Fake news law needed to retain trust in key institutions: Shanmugam

Home Affairs and Law Minister K. Shanmugam had sought to dispel such misconceptions, saying that the Government's powers under existing legislation, such as the Broadcasting Act and Telecommunications Act, are wider than those proposed under the Bill
Home Affairs and Law Minister K. Shanmugam had sought to dispel such misconceptions, saying that the Government's powers under existing legislation, such as the Broadcasting Act and Telecommunications Act, are wider than those proposed under the Bill. ST PHOTO: ARIFFIN JAMAR

Bill helps tackle part of problem threatening foundations of democracy globally, he says

An erosion of trust in governments and institutions has threatened the very foundations of democracy worldwide.

Growing inequality, broken political systems, a media aligned with partisan politics, and the spread of fake news on new media have deepened this crisis.

Describing this as a fundamental problem in many countries, Home Affairs and Law Minister K. Shanmugam yesterday urged members of the House to pay heed to this bigger picture, to understand why Singapore needs fake news laws.

"It will be very unwise for us to watch and do nothing because it can sweep us over very quickly. I believe we are at one of those crucial turning points in history," he said as he presented the Protection from Online Falsehoods and Manipulation Bill for debate.

"This Bill is an attempt to deal with one part of the problem. The serious problems arising from falsehoods spread through new media. And to try and help support the infrastructure of fact and promote honest speech in public discourse. It is an important part - even as we work on other aspects."

The minister spent much of his two-hour-long speech setting out the rationale for the proposed law, which has come under fire from some segments for giving ministers powers to decide first what is falsehood and how to tackle it.

Under the Bill, a minister decides whether to act against a piece of falsehood on the Internet, and can order that it be taken down or ask for corrections to be put up alongside it.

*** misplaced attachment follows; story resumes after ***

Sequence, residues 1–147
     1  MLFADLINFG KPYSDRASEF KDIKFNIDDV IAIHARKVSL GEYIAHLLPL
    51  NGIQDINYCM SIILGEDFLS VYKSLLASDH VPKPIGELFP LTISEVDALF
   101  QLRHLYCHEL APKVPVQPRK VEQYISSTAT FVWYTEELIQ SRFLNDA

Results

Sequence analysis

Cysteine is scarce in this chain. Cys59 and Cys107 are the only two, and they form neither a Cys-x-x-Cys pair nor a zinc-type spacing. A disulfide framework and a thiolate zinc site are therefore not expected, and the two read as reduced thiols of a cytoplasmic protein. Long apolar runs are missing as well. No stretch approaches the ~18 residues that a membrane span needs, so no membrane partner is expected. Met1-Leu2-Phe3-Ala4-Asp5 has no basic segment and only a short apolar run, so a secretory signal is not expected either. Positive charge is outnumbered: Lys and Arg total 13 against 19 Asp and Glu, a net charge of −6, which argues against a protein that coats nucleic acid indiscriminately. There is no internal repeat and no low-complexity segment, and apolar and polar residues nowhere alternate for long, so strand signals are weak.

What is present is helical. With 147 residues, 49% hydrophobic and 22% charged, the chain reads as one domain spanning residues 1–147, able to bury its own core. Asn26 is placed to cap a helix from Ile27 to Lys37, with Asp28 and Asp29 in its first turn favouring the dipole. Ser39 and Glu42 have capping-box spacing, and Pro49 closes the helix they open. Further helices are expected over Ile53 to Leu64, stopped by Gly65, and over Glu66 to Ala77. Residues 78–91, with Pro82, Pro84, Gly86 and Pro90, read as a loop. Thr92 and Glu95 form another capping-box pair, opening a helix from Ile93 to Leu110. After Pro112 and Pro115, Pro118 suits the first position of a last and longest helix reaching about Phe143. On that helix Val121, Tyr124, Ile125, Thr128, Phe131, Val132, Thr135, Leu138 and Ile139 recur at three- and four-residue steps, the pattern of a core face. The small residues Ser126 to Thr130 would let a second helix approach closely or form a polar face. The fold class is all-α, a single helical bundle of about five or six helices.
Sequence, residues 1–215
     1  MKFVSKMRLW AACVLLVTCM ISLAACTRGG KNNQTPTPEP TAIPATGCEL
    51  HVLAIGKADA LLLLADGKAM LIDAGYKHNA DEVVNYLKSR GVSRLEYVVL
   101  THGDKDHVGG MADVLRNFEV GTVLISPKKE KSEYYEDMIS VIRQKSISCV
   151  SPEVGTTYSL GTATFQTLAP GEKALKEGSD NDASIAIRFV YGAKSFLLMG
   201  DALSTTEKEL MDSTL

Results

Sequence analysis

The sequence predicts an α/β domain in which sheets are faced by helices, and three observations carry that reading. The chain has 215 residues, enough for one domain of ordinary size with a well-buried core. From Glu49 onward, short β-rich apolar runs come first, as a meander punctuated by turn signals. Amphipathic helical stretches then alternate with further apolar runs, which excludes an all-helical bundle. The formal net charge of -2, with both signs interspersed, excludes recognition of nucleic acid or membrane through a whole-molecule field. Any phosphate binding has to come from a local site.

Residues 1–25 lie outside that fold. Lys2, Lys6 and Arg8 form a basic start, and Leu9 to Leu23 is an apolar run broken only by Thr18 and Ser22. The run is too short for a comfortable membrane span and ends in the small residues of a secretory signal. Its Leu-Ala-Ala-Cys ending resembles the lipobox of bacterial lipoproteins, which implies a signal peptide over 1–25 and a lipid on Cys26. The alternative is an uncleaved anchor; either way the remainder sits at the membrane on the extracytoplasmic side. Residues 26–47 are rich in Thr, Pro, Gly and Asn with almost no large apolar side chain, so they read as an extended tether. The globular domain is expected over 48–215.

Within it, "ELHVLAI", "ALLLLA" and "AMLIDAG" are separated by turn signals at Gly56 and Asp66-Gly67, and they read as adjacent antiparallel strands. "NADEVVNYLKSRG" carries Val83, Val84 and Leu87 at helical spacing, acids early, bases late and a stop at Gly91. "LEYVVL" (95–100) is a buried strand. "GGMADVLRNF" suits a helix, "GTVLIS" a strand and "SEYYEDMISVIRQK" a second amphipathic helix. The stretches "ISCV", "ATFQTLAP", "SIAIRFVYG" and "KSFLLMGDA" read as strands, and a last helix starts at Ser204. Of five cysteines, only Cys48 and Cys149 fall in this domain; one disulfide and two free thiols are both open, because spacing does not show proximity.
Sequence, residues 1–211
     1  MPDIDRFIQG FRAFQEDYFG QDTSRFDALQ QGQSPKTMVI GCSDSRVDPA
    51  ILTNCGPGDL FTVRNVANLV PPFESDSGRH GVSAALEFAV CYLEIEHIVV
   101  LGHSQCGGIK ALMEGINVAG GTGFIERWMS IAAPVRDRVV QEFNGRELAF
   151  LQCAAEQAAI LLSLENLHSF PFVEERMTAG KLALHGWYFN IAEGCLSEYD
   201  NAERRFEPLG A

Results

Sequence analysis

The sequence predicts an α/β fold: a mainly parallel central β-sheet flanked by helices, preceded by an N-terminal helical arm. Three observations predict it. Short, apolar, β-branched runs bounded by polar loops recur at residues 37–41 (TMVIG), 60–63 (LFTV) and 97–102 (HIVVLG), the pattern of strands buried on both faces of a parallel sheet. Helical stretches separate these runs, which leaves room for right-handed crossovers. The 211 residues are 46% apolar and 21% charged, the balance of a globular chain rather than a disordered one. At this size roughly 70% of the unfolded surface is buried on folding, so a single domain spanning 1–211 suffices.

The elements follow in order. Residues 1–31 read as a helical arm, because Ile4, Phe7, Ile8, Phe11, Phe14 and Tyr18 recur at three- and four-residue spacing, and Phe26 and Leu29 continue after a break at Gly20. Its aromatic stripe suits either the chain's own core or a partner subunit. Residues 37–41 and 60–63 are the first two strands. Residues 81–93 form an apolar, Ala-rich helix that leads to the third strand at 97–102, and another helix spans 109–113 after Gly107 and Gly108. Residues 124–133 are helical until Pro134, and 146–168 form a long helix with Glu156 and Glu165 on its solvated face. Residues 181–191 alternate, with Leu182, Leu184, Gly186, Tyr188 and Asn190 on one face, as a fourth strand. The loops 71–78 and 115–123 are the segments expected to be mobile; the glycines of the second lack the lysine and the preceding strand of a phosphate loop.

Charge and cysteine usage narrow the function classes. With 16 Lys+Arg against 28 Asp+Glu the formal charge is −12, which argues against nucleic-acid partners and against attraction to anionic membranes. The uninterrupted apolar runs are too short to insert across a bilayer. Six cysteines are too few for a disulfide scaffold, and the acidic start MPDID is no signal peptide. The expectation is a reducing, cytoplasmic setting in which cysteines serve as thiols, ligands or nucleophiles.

The Workers' Party yesterday joined in the chorus of objection, with party chief Pritam Singh and former chief Low Thia Khiang opposing what they said were the sweeping powers that the law will give ministers. Mr Low, who spoke near the end of the day, said the Bill was "more like the actions of a dictatorial government that (will) resort to any means to hold on to absolute power".

Earlier, in his speech, Mr Shanmugam had sought to dispel such misconceptions, saying that the Government's powers under existing legislation, such as the Broadcasting Act and Telecommunications Act, are wider than those proposed under the Bill.

"Some of the discussion by those opposed to this Bill... seems to be without an understanding of the existing position," he said, adding that the scope of the Bill was narrower.

But a new law that is targeted at the problem of fake news and able to deal with its viral nature is preferable, he added.

Technical reasons aside, he said, the Bill is meant to protect Singapore from the destructive forces that have eroded trust in governments and important public institutions in many countries, including the United States and Britain.

The crisis of trust has in turn opened the doors to the dangerous politics of populism in many countries, making it harder for governments to fix problems, he added as he set out the context in which the Bill was proposed.

While Singapore is doing well compared with other countries, with trust in the Government and the media still relatively high, he added, "we cannot ignore the global risk, and we are likely to be impacted by the same forces".

Mr Shanmugam yesterday also assured MPs that it would not be difficult for individuals to challenge a minister's decision under the draft law.

Giving an overview of the appeals process, he said individuals can have their appeals heard in court in as little as nine days, and no court fees will be charged for the first three days of the hearing.

The Bill, more than a year in the making since public consultation started in January last year, is one of the most scrutinised pieces of legislation in recent years.

More than 30 Members of Parliament will speak about it over two days of debate, which will end today.

A version of this article appeared in the print edition of The Straits Times on May 08, 2019, with the headline 'Fake news law needed to retain trust in key institutions: Minister'. Print Edition | Subscribe